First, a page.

Grid systems are regularly a point of misunderstanding, so discuss your intentions early on. For most implementations, breaking out of the columns of the grid or overriding margins can require some funky, funky math.

Choose a grid system together, with a developer, so they can walk you through the limitations before you design something difficult to realize. If a design element needs to extend beyond the grid, breaking out a full width element is much simpler than breaking out only one side or column.

6. Fixed And Overlaid UI: 6

This includes several issues our developers brought up as problematic: modals, overlays, sticky elements, anything appearing over other elements on the page through manipulations of z-index. These can all create awkward scrolling issues, and are especially buggy on mobile. Part of the complication comes from the mobile browsers’ header and footer, which have their own behaviors that can interfere with the designed experience. This effect is even worse when we have fixed elements at the top or bottom of the screen, as you know if you've ever tapped a mobile site footer icon only to have the browser toolbar pop up instead. And even worse still is the experience for users who zoom, as fixed elements will dominate important content.

None of these issues are impossible to solve on their own—they tend to get more complicated when there are multiple elements which need to be sticky on scroll or when multiple elements need to stack on top of each other.

7. Equal Height Grid Elements With Varied Text Lengths: 5.7

If design mocks aren’t created with a variety of real content, you will likely find a surprise when the implementation meets the site’s actual content.

Pull samples of the longest and shortest copy to plan for variation and also provide an example of text wrapping. This helps to ensure that line heights are set correctly in your design program of choice, which is easy to overlook if you only set one row of text.

Remember, using truncation to deal with variable length content in a fixed space can cause real trouble. You never know where a word may get cut off, turning the well-crafted words in your con...

8. Components That Have Exceptions/Differences: 5.2

This is a pet peeve of mine, as well. That is, not following a style guide to a T. Messy files cause confusion, as do variations that are not distinct enough to be clearly intentional. I hope tools like InVision’s Inspect and Sketch’s Craft plugin will make this frustration obsolete.

Developers, when you see an element within a mock that looks like it should match an existing style, please ask the designer responsible if the variation is intended. Hopefully, that designer’s also created a global style guide for you to reference in these sorts of situations. If not, this might be yet another conversation that needs to happen.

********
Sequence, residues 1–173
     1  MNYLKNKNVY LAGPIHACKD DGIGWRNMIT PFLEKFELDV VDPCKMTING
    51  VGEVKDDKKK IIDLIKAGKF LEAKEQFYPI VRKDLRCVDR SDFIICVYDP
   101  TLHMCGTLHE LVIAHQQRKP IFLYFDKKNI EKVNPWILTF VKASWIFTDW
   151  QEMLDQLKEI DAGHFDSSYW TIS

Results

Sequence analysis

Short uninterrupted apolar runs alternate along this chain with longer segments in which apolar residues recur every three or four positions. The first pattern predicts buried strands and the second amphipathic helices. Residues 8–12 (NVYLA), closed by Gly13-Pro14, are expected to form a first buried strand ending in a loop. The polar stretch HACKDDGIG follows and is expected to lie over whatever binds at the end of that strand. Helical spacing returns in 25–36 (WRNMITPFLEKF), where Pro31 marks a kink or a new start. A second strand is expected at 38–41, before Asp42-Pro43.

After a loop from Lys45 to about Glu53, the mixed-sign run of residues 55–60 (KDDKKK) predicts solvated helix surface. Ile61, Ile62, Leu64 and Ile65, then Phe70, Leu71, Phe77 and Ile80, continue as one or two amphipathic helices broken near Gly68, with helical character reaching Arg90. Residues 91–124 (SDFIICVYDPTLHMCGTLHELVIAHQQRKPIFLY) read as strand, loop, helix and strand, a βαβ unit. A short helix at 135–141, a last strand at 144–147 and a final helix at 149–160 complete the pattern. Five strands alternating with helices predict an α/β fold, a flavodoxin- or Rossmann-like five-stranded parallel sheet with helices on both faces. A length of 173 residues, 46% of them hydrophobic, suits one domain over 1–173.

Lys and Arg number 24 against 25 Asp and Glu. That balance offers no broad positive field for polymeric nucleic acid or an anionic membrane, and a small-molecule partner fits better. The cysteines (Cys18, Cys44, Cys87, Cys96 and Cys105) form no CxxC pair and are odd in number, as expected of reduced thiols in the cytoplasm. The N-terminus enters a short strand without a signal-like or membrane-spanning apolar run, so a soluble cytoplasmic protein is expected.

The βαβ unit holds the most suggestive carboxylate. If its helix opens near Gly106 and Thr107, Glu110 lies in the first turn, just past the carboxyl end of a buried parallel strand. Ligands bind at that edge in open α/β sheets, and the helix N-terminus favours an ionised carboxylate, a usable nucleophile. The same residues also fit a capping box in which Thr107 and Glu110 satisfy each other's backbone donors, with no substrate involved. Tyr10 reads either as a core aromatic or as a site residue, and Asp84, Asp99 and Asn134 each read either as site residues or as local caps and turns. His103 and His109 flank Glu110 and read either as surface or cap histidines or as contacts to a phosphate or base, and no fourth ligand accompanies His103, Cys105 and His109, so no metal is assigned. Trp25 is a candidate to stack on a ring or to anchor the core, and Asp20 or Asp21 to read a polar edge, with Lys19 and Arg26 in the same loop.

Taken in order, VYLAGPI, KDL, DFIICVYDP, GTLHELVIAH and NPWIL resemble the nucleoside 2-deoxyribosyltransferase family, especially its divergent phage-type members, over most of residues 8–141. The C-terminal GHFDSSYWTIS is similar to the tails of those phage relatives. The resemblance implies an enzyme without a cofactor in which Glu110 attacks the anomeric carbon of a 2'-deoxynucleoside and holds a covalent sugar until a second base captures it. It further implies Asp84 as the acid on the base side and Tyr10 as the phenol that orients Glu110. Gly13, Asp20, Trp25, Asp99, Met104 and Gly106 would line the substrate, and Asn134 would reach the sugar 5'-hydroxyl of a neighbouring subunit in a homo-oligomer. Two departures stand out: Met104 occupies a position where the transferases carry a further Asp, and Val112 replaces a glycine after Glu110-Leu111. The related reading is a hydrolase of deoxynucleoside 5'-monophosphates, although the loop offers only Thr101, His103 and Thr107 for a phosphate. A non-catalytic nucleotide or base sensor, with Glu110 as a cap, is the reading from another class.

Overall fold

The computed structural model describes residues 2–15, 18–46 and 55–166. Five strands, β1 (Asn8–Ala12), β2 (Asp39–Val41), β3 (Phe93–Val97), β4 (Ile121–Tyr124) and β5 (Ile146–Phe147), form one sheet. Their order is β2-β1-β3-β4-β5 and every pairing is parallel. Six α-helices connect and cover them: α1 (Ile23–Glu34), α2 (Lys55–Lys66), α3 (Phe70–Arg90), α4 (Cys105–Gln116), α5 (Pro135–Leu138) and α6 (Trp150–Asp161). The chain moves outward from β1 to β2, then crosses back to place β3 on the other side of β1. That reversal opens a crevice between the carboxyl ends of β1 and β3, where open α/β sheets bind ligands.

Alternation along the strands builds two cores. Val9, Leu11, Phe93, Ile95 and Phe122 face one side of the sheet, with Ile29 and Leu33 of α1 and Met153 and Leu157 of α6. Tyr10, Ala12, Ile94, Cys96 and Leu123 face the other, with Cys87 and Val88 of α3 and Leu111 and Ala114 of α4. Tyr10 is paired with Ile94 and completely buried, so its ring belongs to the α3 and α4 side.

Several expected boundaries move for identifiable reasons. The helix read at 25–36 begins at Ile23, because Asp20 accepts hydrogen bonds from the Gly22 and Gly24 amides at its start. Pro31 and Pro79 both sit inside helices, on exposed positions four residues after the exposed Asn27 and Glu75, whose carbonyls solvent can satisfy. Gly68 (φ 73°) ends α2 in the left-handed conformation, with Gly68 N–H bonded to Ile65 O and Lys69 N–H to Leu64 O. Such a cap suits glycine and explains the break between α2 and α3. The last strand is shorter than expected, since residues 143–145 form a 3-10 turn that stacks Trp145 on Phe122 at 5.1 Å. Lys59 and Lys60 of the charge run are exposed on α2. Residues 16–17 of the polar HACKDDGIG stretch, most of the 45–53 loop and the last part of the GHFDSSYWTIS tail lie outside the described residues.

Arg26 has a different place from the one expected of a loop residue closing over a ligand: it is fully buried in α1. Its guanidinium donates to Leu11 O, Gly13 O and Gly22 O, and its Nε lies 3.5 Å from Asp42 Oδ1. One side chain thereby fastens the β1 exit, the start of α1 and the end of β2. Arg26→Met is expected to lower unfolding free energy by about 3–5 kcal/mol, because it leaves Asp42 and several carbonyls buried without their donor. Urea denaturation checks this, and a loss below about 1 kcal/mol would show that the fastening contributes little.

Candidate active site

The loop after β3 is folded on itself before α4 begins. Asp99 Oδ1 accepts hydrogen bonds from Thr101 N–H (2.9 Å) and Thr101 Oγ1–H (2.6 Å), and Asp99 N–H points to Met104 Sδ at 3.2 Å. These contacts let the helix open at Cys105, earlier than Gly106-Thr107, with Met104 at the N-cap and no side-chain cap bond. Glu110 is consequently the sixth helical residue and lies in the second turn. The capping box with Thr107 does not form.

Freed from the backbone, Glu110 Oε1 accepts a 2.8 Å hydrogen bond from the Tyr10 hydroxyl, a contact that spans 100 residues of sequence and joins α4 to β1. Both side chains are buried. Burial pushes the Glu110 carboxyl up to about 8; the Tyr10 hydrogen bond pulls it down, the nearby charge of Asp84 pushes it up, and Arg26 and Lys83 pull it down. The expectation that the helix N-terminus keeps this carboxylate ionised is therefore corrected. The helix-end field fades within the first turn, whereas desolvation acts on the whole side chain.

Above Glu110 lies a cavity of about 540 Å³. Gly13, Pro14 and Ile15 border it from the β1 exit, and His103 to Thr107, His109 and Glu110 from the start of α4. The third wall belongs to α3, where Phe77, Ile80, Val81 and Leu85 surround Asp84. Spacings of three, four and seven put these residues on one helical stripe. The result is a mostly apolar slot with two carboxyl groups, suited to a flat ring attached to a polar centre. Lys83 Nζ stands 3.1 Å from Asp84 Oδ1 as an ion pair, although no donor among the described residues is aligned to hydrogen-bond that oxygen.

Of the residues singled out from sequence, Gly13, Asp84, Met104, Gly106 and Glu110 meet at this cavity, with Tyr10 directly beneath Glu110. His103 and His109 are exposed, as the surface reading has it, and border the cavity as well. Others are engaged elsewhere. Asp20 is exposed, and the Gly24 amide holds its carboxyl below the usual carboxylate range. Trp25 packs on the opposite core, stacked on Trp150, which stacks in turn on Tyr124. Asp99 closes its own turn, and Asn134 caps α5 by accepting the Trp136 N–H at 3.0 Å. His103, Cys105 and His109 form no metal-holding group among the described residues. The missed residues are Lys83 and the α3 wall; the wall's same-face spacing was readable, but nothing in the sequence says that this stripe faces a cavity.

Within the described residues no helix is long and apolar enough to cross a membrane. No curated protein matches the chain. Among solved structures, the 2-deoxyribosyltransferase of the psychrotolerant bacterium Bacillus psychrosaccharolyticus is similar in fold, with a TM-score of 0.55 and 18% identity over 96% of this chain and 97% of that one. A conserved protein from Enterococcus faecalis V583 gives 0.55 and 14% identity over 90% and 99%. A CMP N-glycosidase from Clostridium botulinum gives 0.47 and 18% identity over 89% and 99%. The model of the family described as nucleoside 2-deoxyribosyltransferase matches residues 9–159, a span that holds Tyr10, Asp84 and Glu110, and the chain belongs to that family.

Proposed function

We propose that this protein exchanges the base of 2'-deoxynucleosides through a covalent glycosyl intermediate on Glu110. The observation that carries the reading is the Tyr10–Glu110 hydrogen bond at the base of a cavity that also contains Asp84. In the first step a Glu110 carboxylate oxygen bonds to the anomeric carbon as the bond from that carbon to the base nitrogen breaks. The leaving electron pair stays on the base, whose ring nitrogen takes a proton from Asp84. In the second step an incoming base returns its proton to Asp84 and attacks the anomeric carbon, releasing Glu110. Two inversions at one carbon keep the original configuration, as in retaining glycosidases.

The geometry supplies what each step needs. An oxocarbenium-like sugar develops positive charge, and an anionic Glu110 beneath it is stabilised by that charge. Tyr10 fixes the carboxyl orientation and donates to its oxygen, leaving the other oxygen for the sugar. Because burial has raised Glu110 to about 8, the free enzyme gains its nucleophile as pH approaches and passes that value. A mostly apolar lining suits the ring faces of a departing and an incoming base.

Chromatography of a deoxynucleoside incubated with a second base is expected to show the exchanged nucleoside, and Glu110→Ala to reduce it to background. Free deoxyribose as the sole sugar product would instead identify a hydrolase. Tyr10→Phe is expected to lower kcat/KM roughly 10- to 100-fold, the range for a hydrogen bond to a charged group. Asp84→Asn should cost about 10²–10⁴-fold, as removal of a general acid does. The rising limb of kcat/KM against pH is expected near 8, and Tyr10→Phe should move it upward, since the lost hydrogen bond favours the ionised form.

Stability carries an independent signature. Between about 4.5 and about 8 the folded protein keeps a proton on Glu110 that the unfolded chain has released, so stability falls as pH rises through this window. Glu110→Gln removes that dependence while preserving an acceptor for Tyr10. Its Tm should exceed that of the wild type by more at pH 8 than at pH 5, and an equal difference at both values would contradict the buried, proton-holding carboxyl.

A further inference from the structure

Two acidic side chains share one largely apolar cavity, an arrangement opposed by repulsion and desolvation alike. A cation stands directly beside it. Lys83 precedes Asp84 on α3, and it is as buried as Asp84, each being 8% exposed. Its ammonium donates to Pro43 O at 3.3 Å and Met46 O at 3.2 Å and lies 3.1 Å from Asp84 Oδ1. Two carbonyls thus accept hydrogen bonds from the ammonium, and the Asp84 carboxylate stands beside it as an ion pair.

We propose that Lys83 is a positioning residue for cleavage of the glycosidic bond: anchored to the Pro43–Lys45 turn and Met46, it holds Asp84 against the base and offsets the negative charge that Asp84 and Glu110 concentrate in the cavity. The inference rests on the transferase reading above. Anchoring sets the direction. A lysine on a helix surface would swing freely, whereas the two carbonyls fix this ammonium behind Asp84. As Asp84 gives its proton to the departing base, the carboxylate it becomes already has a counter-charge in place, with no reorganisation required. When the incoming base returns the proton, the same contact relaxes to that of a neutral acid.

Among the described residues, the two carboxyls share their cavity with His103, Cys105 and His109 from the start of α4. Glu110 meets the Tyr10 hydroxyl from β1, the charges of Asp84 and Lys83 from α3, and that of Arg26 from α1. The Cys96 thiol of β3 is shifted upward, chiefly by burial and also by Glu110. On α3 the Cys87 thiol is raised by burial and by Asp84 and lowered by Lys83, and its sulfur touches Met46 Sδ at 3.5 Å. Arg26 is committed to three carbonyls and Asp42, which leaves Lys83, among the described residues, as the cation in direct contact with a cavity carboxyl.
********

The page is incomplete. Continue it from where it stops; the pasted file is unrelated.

9. Different Mobile Navigation: 4.4

Often, the layout and interaction changes between desktop and mobile navigation are so severe that front-end developers need to create two completely different menus. And we can run into overlaying issues here again.

Your responsive designs are likely possible, but like with many of the other items mentioned, each breakpoint and change adds implementation time, not to mention page load time. This is a time to especially watch for bloat, as these additional menus can make code messy and kill performance.

Good Communication Eases the Pain

Besides learning these workarounds, I’ve felt that iterating on our general process and hand-off helps the team just as much. We don’t just throw things over the wall—everyone cares about the end product, and it shows. The big theme is communication: Talk with a developer early in the design process to discuss ideas and brainstorm suggestions that can prevent trouble down the road. Keep a designer on during the development process to answer questions, review implemented pages, and create additional mocks for any additional needs you uncover. Use wireframes, style guides, and documentation to create shared understanding. Re-connect when a design is approved to walk through details or catch missing UI. Discuss which features we can set aside as future enhancements, or if a set of features need to be completed together in order to work. Almost every time we collaborate, I learn something from our friendly, happy-to-share developers, and they have said they’re learning from us designers as well. Point being, these conversations always, always help.

Lub you, FEDs. Sorry again for all those custom select elements.